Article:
Mendes wears his love for early Bond on his sleeve, the days when Connery would spar with enemies using savvy wit, occasionally launching into a fist fight or ending the encounter with one well-placed bullet. But that's not the world established by Casino Royale and Quantum of Solace, nor is it one that is easily accessible to today's younger audiences (read this recent horror story of a group of young people encountering From Russia with Love for evidence to that unfortunate truth). Those films go big and drop any semblance of swagger. It's all about the rough, tough thrills. Skyfall lives up to the action of previous films — the motorcycle-chase-turned-train-battle is one of the most impressive stunts of 2012 — but after the thrilling opening, the movie becomes noticeably smaller scale.
It's a talky movie, perfect for Mendes' theatrical roots. It's also fitting for the film's villain, Raoul Silva (Javier Bardem). Words and silent, Internet-based attacks are Silva's two greatest weapons, giving him plenty of time for maniacal laughing. Silva is up there in the pantheon of Bond baddies, a flamboyant, unrestrained terrorist who wipes out the population of a South Pacific nation just so he can have an island lair. He has Blofeld (of heck, Dr. Evil) goals and the wild physical flair to match. The scene where Silva removes his fake jaw to expose a drooping face is demented — and fitting for Mendes' early-Bond vision.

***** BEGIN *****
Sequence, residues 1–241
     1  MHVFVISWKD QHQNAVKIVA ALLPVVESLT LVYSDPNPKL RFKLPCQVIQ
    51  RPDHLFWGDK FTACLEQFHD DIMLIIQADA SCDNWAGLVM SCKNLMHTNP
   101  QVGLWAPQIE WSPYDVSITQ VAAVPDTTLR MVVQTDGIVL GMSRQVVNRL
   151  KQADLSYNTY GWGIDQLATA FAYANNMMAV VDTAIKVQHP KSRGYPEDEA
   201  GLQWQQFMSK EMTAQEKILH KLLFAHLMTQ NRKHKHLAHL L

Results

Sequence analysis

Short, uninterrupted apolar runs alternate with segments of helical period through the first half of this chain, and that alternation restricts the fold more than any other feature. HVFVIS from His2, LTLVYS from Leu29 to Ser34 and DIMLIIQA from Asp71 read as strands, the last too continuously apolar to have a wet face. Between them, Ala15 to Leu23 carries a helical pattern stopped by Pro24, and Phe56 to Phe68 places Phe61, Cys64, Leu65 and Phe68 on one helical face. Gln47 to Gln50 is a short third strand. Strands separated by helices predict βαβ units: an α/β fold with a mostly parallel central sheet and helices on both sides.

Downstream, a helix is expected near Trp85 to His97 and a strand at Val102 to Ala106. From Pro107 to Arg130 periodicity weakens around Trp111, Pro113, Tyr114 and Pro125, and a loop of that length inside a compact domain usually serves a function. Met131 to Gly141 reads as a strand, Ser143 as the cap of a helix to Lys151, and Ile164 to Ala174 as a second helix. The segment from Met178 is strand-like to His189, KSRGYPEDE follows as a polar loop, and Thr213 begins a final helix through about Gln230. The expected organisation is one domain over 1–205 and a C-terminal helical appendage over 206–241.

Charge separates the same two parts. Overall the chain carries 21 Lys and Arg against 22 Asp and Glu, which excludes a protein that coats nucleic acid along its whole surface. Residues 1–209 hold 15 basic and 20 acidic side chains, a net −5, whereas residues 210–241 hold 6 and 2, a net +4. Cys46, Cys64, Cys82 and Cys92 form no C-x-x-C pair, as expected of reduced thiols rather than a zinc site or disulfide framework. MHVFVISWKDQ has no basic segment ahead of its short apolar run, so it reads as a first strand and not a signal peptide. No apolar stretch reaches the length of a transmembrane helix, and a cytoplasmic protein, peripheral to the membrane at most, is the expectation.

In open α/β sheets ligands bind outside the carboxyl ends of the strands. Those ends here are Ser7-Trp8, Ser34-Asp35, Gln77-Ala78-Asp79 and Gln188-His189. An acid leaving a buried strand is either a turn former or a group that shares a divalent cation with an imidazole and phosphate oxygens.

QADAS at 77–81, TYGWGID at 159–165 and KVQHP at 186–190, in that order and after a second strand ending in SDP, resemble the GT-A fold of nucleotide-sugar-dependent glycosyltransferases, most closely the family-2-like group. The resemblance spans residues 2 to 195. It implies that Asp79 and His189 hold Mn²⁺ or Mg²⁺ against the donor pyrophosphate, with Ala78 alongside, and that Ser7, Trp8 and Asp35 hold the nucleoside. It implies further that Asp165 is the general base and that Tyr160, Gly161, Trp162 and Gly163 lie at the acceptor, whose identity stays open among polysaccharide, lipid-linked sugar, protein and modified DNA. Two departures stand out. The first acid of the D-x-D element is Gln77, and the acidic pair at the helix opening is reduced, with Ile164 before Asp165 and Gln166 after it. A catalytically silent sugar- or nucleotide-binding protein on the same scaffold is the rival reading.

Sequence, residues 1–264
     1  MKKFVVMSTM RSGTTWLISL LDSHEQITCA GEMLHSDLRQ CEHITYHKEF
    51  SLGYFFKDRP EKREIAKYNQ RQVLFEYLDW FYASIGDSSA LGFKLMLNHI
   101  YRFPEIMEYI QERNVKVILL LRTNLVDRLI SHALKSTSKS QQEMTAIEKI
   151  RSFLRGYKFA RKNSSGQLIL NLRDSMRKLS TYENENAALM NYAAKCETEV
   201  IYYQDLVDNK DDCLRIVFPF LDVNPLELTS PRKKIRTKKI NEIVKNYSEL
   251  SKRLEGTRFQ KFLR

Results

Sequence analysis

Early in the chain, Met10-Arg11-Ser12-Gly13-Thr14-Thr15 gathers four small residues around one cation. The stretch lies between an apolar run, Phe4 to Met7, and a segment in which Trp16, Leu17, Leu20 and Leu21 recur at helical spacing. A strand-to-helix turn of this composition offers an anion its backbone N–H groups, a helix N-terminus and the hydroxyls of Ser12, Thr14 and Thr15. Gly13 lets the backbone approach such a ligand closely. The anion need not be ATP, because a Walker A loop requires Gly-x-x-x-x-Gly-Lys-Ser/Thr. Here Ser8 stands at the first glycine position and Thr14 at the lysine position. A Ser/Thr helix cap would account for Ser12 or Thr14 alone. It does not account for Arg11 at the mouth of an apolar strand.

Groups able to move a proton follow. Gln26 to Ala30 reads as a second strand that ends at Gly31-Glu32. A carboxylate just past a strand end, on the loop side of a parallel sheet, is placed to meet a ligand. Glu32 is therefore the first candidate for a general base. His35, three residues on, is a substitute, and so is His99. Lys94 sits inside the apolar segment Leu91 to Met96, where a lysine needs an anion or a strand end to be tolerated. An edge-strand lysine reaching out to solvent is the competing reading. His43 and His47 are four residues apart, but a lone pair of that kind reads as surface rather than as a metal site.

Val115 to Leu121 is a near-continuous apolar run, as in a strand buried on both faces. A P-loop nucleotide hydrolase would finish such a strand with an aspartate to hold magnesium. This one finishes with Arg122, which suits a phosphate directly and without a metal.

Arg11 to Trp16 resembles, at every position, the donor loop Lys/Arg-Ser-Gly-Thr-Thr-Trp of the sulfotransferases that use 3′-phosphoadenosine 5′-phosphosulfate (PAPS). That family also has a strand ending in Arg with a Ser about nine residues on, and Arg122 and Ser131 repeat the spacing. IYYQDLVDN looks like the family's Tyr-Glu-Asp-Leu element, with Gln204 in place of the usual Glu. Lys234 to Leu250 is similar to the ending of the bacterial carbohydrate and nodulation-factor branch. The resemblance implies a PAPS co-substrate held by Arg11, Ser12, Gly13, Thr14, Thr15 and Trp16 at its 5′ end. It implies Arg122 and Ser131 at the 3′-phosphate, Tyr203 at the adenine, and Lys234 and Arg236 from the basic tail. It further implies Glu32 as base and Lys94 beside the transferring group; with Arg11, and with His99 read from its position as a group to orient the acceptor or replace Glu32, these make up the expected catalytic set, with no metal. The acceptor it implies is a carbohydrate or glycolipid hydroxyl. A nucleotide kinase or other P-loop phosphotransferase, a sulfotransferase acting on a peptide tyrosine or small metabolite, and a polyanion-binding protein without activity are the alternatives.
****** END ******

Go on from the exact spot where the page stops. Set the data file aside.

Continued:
Mendes peppers the familiar construction with great characters: Naomie Harris' Eve is sharp, ambitious, and a great partner for Bond (what I as a Bond nut wished Halle Berry's Jinx to be back in Die Another Day). Ralph Fiennes' Gareth Mallory is sophisticated and murky — he's just involved enough in the plot of Skyfall to know he matters, but the film never gives away the big picture of his character. Ben Whishaw's Q is the hipster revisionist version of the character 2012 demands, a computer whiz that fits in at MI-6 but could easily be a trasplant resident of Dumbo, Brooklyn. Mendes even reinvigorates Dench's M with a new sense of character. She gets out of the office. She has a fear for Silva. She's finally part of the Bond franchise!
Mendes establishes a colorful cast of players in Skyfall, and it makes the movie click. But in the film's final moments, he decides to go the extra step by taking us back in time to 1962.
Chalk this up to years watching 24 and Mission: Impossible, but throughout Skyfall, I pegged Fiennes' Mallory as a mole. With Silva's past involvement with MI-6, I thought there had to be an inside man assisting him — why else hire such a big name actor to play the part of the government overseer placing hurdles for Dench's M to jump? It became clear when Bond chases Silva into the M/MI-6 hearing and a big shoot out erupts. Mallory didn't miss a shot when assisting Bond and Eve. He was a good guy. By the time Skyfall's rousing conclusions rolled around, M biting the bullet (literally) in the stone church of Bond's parents estate, his purpose was clear. We had a new M, a man, like the day's of Connery's Bond.